I feel that in movies, as in literature, female roles are as varied and memorable as those of their male counterparts. After all, it is only the imagination of the author or screenwriter that determines the role. The actors merely execute the script and carry out the instructions of the director. I have never experienced any inequality in the quality or nature of roles acted by women over those performed by men.
As to fame and remuneration of female actors versus male, again I don’t see any difference. Angelina Jolie is just as rich and famous as Brad Pitt.
In summary, the screenwriter creates the roles. I have seen no difference in the quality of the characters according to sex of the actor.
This is a very interesting question. I, as a British citizen, always find it fascinating to consider how female characters are presented in Bond films, as it seems to point towards wider realities of female characters and how they are presented. It seems that there is a general move towards casting female charactes who are more feisty and independent, and able to take care of themselvs, compared to the kind of Bond girls that Roger Moore was cast alongside, who were invariably, blond, beautiful and rather dim and needed to be helped. Perhaps this reflects the greater equality of women in society as a whole and the current penchant we have for "girl power" and strong female characters who can hold their own in a male world.
A woman's age has an adverse affect on her viability in film. Older women are less likely to get roles unless they are superstars -- Helen Mirren, Maggie Smith, and now Meryl Streep and soon Angelina Jolie. Other women -- Scarlett Johanson, Natalie Portman, Emma Watson -- will have roles into their thirties and then find it harder and harder to find work. While some women who were not considered superstars have had success even while older -- the mentioned examples of Uma Thurman and Hilary Swank -- most have their careers cut short by advancing age.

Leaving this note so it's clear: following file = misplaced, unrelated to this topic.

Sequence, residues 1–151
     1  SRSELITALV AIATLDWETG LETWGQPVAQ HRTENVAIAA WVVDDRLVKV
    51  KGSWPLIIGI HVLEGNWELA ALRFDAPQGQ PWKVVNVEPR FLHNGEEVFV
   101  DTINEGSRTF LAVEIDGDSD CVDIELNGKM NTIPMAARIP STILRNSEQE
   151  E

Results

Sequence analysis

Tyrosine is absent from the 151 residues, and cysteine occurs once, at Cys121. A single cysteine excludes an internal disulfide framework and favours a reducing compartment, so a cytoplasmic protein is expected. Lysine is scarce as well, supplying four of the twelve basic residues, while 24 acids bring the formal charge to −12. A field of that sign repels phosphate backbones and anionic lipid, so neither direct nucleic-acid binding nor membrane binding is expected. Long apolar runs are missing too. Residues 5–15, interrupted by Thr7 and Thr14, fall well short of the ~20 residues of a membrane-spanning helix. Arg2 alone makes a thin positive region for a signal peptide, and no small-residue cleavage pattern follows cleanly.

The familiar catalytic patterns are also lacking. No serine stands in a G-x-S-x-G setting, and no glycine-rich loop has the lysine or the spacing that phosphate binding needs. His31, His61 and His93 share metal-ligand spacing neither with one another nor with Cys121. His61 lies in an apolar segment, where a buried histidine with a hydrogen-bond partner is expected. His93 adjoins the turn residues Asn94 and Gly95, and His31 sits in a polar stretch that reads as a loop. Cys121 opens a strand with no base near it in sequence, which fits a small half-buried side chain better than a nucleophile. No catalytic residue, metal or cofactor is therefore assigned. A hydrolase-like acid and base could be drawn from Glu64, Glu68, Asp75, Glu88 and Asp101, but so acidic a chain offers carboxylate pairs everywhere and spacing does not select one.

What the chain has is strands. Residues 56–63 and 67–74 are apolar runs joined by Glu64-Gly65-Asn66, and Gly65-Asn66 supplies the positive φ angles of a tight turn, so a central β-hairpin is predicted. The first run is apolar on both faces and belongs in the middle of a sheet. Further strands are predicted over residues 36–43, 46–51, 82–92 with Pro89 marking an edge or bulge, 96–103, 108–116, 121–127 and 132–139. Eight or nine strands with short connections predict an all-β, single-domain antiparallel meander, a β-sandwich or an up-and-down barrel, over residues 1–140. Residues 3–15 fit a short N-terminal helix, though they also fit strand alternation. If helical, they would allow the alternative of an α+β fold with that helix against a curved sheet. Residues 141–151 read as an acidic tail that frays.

The double standard, of course, is that men can have action roles well into their fifties, sixties, even seventies. Liam Neeson is the best example of this -- after resurrecting a lapsed career with Taken, he has made action movie after action movie. Angelina Jolie is still making action films -- Salt is her most recent -- but has been focusing on Oscar-bait recently.
The current crop of young actresses is ripe for disappointment as they edge into their thirties. The filmic bias against women is in no danger of being altered, at least at this time.
I feel that we still have the glamour and sex appeal of earlier times, but with a sinister edge to violence as part of the appeal now. Actresses like Angelina Jolie and films such as 'Kill Bill' portray violence as part of the allure of the screen woman. Pretty disturbing role models - and we wonder why incidents of girl/femal violence are increasing...
I agree with the above posts that bring up roles women play in movies that show them as more independent, creative, and strong. Of course they also manage to be these things in great skinny jeans and a pair of Manolo Blahnik heels. I think of women like Diane Keaton who are showing a shift in the way we view older women. At 65, an age way beyond what traditional Hollywood considers glamorous, she continues to create movies that show women can be strong and independent even into their thrities. Her movies show both the struggle of single working mothers (Baby Boom) and that women can have careers and find love in their fifties (Something's Gotta Give). Her movies show a slow but sure paradigm shift in the roles women have in movies today.